High Capacity and Optimal Spectrum Allocation: The former analog-based cellular networks had to combat capacity problems, particularly in metropolitan areas. Through a more efficient utilization of the assigned frequency bandwidth and smaller cell sizes, the GSM System is capable of serving a greater number of subscribers. The optimal use of the available spectrum is achieved through the application Frequency Division Multiple Access (FDMA), Time Division Multiple Access (TDMA), efficient half-rate and full-rate speech coding, and the Gaussian Minimum Shift Keying (GMSK) modulation scheme.
Security: The security methods standardized for the GSM System make it the most secure cellular telecommunications standard currently available. Although the confidentiality of a call and anonymity of the GSM subscriber is only guaranteed on the radio channel, this is a major step in achieving end-to- end security. The subscriber's anonymity is ensured through the use of temporary identification numbers. The confidentiality of the communication itself on the radio link is performed by the application of encryption algorithms and frequency hopping which could only be realized using digital systems and signaling.
Services: The list of services available to GSM subscribers typically includes the following: voice communication, facsimile, voice mail, short message transmission, data transmission and supplemental services such as call forwarding.
GSM RADIO CHANNEL
The GSM standard specifies the frequency bands of 890 to 915 MHz for the uplink band, and 935 to 960 MHz for the downlink band, with each band divided up into 200 kHz channels. Other features of the radio channel interface include adaptive time alignment, GMSK modulation, discontinuous transmission and reception, and slow frequency hopping. Adaptive time alignment enables the MS to correct its transmit timeslot for propagation delay. GMSK modulation provides the spectral efficiency and low out-of-band interference required in the GSM system. Discontinuous transmission and reception refers to the MS powering down during idle periods and serves the dual purpose of reducing co-channel interference and extending the portable unit's battery life. Slow frequency hopping is an additional feature of the GSM radio channel interface which helps to counter the effects of Rayleigh fading and co-channel interference.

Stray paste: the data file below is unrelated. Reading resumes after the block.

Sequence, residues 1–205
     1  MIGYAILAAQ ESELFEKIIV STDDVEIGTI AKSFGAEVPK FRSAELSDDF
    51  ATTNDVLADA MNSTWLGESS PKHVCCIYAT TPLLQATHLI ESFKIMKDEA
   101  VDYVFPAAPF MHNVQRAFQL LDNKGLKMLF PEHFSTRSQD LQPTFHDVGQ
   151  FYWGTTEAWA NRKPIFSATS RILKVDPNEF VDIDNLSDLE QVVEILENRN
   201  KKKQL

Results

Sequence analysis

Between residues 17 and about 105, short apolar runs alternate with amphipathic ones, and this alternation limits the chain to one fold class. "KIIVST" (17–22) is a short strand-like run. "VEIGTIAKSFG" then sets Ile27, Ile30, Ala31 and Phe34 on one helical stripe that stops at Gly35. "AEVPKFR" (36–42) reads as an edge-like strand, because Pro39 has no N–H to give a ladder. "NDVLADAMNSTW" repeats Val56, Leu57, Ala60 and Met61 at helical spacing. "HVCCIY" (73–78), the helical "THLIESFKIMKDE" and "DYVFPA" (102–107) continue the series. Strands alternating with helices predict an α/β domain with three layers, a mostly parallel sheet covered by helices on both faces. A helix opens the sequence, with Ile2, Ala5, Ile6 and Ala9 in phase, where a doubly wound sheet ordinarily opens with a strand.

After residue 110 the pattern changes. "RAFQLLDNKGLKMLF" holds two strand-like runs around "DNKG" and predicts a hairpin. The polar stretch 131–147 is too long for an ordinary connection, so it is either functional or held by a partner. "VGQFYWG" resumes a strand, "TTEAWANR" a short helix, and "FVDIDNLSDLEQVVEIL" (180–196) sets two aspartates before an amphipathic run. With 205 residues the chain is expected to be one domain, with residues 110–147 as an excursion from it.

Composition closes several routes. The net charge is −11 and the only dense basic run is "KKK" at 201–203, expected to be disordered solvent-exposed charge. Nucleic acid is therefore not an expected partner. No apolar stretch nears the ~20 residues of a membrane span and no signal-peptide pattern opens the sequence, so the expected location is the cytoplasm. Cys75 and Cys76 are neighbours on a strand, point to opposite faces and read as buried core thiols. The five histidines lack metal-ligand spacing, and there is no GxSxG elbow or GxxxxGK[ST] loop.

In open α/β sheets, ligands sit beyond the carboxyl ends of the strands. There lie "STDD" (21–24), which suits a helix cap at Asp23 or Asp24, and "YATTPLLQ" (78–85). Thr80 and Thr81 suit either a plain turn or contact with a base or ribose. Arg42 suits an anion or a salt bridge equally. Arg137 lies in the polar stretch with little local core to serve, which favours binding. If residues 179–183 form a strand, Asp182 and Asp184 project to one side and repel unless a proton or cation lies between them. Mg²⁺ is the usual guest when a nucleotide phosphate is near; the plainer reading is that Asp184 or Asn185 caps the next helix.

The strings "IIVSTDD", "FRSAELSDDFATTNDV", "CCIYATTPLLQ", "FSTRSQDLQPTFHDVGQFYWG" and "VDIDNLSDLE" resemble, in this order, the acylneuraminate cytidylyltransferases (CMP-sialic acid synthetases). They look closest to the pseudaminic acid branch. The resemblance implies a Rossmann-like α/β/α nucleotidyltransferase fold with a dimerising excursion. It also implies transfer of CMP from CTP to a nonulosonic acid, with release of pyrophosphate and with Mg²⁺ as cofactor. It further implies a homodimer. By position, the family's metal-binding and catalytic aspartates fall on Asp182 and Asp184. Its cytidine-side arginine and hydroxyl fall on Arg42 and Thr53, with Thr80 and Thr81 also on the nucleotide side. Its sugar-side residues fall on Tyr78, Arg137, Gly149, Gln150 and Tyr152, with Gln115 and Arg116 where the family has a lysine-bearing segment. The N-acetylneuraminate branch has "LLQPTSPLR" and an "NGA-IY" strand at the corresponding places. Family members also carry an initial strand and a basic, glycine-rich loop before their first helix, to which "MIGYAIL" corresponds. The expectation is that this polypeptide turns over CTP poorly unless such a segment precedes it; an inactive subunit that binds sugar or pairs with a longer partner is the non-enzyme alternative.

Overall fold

TDMA Frame Structures, Channel Types, and Burst Types
The 200 kHz channels in each band are further subdivided into 577 ms timeslots, with 8 timeslots comprising a TDMA frame of 4.6 ms. Either 26 or 51 TDMA frames are grouped into multiframes (120 or 235 ms), depending on whether the channel is for traffic or control data. Either 51 or 26 of the multiframes (again depending on the channel type) make up one superframe (6.12 s). A hyperframe is composed of 2048 superframes, for a total duration of 3 hours, 28 minutes, 53 seconds, and 760 ms. The TDMA frame structure has an associated 22-bit sequence number which uniquely identifies a TDMA frame within a given hyperframe. Figure 1 illustrates the various TDMA frame structures.
Figure 1 TDMA Frame Structures
The various logical channels which are mapped onto the TDMA frame structure may be grouped into traffic channels (TCHs) used to carry voice or user data, and control channels (CCHs) used to carry signaling and synchronization data. Control channels are further divided into broadcast control channels, common control channels, and dedicated control channels.